Do teachers actually prefer their online students?


About half of ELHS students chose to come back to in-person classes.

Jacob Reiter, Staff Writer

Students at East Lake had two options given to them when they came to school this year, either come back to school physically and be required to follow COVID safety guidelines, or to attend class via Microsoft Teams. From the results of a survey made by the school itself, roughly half of the total enrolled students of East Lake are physically attending this year. With teachers having to simultaneously teach their in-person students and their online students, I had wondered if there was any preferential treatment towards either group perceived among the students. I asked both teachers and students this question and there seems to be a split opinion on the matter.

Students like Henry Cors, who is taking his classes online, said, “I think in my general experience that they try to cater to both groups of students as best they can, based on how I’ve seen my teachers interact with students of both groups.” He remained the only one to think that there was no disparity between the two groups of students.

Another student attending online classes, Lombrino Kondakciu, said, “I think they cater to the in person kids a little bit more just because they have more direct access to the content and teachers so it’s inevitable, they’ll get more focus.” It is easy to understand his point of view on this subject; with some teachers being barely able to open their Teams meeting it would feel like if you were an online student you would be left at the wayside in favor of your other classmates. However, Joseph “Will” Duran’s opinion seemed to be the general consensus among the students like myself attending school physically. He said that “I think that just because there are so many factors involved in running an online class at the same time as a physical class like whether the audio is working, making sure the students are participating, and other things like that the online students are given more attention.” Almost all the students I approached on the campus grounds seemed to share this feeling, the complete opposite of what the online students had thought.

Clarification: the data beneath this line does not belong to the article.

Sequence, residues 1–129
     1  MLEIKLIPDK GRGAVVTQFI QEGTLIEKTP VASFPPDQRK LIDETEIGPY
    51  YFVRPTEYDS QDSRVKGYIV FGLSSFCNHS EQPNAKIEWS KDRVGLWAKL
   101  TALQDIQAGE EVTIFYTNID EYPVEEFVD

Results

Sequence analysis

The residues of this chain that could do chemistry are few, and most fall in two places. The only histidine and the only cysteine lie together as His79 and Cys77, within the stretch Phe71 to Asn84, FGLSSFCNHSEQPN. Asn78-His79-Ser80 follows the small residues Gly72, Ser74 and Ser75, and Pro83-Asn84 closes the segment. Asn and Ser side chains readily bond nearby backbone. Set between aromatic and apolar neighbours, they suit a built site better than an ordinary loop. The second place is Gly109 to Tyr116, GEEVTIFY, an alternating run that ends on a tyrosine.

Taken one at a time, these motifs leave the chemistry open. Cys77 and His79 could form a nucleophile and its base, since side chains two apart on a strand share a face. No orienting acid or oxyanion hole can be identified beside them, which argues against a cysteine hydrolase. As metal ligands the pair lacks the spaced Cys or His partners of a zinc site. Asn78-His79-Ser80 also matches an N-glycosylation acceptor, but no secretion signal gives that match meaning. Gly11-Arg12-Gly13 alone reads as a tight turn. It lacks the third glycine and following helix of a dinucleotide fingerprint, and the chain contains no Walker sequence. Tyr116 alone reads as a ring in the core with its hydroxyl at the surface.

However, I knew that I needed to get to the source of the disagreement, the teachers themselves. I asked a few teachers what they thought of the situation. Statistics teacher Mrs. Hynes in response to my questions initially said that she tried to pay attention to both equally. However, once she thought about it for a while longer, she said, “I feel I’m worried about my online students more because I can’t see them and I can see my in-person students. So, I know they’re doing OK and pay a bit less attention to them during lectures”. It is impossible for Hynes to speak for all of the teachers at East Lake, but given the split answers given by the students themselves it is unlikely that I will ever get a true conclusion to this inquiry.